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Amending the Indian Child Welfare Act

line The Indian Child Welfare Act is hurting families and children of Native American descent. Federal tax dollars are being used across the country to support the enactment and adherence to this law; however in thousands of cases, the law is destroying loving, stable families and placing children in harmful and difficult situations. The very intent of the law is being compromised by how it’s being used. This federal law was originally established to protect families and Indian children – not destroy them. To protect children who have Native American heritage and their families, amendments must be made to the Indian Child Welfare Act. Proposed amendments are:
  1. Ensure an Indian child has a ‘parent’ as defined by the law and the parent has properly established paternity under state law.
  2. Provide fit birth parents of Indian children the right to choose healthy guardians or adoptive parents for their children without concern for heritage.
  3. Ensure the ‘qualified expert witness’ is someone who is able to advocate for the well-being of the Indian child, first and foremost.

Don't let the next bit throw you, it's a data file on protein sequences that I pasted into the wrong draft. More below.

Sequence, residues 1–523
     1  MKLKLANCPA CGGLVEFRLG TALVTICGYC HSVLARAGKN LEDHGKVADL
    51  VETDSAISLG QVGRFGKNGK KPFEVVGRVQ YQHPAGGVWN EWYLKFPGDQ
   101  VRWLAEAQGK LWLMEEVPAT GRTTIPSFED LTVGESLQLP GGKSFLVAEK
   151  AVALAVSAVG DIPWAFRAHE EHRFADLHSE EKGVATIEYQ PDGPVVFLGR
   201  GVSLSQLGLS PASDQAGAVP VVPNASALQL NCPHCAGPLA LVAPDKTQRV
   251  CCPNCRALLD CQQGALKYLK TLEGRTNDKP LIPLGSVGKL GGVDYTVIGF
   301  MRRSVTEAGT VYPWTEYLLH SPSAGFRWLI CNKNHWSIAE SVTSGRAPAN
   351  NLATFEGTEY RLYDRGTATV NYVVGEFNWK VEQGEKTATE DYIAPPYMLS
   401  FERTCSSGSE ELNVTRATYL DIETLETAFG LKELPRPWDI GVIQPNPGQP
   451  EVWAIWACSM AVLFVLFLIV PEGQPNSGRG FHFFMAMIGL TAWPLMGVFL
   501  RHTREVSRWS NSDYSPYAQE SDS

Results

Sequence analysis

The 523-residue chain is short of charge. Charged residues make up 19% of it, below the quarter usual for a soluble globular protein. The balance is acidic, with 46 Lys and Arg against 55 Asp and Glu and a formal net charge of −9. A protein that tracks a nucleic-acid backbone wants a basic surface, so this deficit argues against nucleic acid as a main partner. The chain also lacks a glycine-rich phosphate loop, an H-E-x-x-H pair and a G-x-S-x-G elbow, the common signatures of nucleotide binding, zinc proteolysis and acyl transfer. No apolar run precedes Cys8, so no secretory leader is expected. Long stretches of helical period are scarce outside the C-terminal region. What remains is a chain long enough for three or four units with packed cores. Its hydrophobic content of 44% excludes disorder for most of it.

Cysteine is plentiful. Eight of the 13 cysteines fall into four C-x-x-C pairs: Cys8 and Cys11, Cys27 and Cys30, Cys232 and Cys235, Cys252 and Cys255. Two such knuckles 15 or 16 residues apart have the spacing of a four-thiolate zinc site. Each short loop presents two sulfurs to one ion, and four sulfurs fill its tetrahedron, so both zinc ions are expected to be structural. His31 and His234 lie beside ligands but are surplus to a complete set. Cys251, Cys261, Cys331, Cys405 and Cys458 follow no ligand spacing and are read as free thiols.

4. Clarify that the ICWA does not apply to family court disputes, not just divorce proceedings, over Indian children.
  5. Clarify that the ICWA allows transfer only of foster care and termination proceedings and that transfer motions must be filed within 30 days from the start of the proceeding.
  6. Clarify that an Indian birth mother does not need to consent to adoption in court.
  7. Limit a parent’s right to revoke to 30 days versus the current practice allowing birth parents to revoke their consent up to 12 months after a child has been placed.
  8. Clarify that final adoptions may only be vacated for fraud within limits under state law. The ICWA currently gives parents two years. There are adoptive parents who are terrified for two years after the adoption is final due to this requirement.
  9. Define ‘good cause’ to allow for birth parent’s preference, lack of Indian home after search, and the child’s emotional, physical, and developmental needs.
Reasonable and expedited amendments must be made to this law to help ensure children of Indian heritage have the same rights as all other children in the United States. We must also protect those individuals and families that consciously make the decision to love these children and to provide them with safe, happy, healthy, permanent homes whether those individuals and families are Native American or not.